Lawmakers in the US are divided over what legislative action to take after two banks collapsed last week.
President Joe Biden called for new banking regulations to prevent future failures, but some congressional leaders believe the laws were already sufficient.
The House Financial Services Committee has announced its first hearing on 29 March. On the Senate side, chairman of the Senate Banking, Housing, and Urban Affairs Committee, Sherrod Brown, said that his committee would also hold a hearing to assess what went wrong, with the first hearing likely to focus on witnesses responsible for regulating the failed banks.
Democrats are rallying around two legislative proposals: the first, from Senator Elizabeth Warren and Representative Katie Porter, would repeal the 2018 rollback of certain aspects of the Dodd-Frank Act that were enacted after the 2008 financial crisis. The second, known as the Public Banking Act, would establish a system of public banks throughout the US.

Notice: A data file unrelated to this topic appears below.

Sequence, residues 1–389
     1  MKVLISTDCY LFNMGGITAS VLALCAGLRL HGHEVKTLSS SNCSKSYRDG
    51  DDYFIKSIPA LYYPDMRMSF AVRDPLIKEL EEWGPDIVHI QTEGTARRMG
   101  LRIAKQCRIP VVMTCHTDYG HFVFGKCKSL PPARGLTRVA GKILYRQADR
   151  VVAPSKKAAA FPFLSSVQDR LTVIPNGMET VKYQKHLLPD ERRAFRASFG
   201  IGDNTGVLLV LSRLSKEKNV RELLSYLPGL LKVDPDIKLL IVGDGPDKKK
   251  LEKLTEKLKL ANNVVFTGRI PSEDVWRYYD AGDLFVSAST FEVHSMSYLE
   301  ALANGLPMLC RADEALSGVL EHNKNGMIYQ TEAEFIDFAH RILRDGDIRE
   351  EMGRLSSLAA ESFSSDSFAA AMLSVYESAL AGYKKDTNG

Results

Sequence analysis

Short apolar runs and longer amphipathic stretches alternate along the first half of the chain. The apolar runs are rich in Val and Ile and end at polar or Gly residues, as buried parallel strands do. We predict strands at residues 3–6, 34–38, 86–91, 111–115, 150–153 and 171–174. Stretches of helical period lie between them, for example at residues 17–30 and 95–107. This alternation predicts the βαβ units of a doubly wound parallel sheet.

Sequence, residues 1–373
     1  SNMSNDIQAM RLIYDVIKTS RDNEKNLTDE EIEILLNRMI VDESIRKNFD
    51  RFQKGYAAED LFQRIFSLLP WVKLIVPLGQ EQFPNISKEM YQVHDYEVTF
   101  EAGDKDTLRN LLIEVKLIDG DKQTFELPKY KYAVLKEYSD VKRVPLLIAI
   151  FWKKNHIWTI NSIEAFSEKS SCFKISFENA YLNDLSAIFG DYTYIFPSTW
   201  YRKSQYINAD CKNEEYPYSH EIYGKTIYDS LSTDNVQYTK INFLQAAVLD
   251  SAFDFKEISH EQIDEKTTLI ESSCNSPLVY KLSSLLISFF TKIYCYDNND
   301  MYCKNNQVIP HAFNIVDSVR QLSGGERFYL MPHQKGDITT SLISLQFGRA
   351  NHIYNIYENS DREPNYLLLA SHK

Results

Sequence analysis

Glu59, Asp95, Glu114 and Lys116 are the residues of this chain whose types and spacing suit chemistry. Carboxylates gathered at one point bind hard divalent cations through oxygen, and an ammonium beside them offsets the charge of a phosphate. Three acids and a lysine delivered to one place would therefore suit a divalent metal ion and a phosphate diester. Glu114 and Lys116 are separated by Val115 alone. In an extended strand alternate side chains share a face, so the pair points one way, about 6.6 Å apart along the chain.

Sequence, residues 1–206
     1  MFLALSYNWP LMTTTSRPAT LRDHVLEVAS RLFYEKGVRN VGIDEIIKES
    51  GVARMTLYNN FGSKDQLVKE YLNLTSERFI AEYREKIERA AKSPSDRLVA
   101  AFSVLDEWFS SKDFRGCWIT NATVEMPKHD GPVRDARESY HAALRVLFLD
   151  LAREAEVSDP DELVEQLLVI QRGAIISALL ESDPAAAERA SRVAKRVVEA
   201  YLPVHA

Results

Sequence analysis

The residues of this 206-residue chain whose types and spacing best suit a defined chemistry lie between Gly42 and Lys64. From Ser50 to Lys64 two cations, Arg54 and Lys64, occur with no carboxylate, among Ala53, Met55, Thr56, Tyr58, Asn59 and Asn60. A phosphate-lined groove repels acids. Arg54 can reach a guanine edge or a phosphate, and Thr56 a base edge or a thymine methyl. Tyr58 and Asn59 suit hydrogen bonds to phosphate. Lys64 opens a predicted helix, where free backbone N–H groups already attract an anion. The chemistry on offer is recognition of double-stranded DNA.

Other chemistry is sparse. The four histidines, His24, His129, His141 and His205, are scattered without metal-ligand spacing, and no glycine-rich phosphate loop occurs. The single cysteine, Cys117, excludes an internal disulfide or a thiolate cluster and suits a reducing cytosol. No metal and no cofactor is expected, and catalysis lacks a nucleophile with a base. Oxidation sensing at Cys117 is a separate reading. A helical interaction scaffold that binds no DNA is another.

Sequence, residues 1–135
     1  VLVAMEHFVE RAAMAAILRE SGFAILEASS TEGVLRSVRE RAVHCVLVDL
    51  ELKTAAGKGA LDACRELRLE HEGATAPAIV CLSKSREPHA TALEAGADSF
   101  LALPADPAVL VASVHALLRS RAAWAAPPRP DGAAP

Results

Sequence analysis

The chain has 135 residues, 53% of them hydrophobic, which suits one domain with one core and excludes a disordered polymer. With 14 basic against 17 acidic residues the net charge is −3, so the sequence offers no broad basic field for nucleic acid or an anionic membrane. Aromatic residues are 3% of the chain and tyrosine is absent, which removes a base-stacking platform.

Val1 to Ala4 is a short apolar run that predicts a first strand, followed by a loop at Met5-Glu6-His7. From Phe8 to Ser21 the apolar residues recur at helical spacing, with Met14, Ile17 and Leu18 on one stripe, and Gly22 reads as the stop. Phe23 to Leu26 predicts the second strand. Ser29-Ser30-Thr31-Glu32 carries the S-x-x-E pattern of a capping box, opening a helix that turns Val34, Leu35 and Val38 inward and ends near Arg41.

Republicans have countered that the Dodd-Frank Act was already too burdensome and argue that banks should not have been allowed to offer customers uninsured deposits. Republicans have also asked regulators why they did not act on reports of a liquidity risk at Silicon Valley Bank and why the FDIC failed to auction off the bank’s remaining parts last weekend.
Senator Cynthia Lummis has expressed concerns about whether the collapse of Signature Bank will lead to further crackdowns on cryptocurrency, while Senator John Kennedy wants to know why regulators failed to spot potential problems with Silicon Valley Bank despite warnings from private stock analysts.
Primary Source: Associated Press
Factual Confidence: High (Multiple Sources)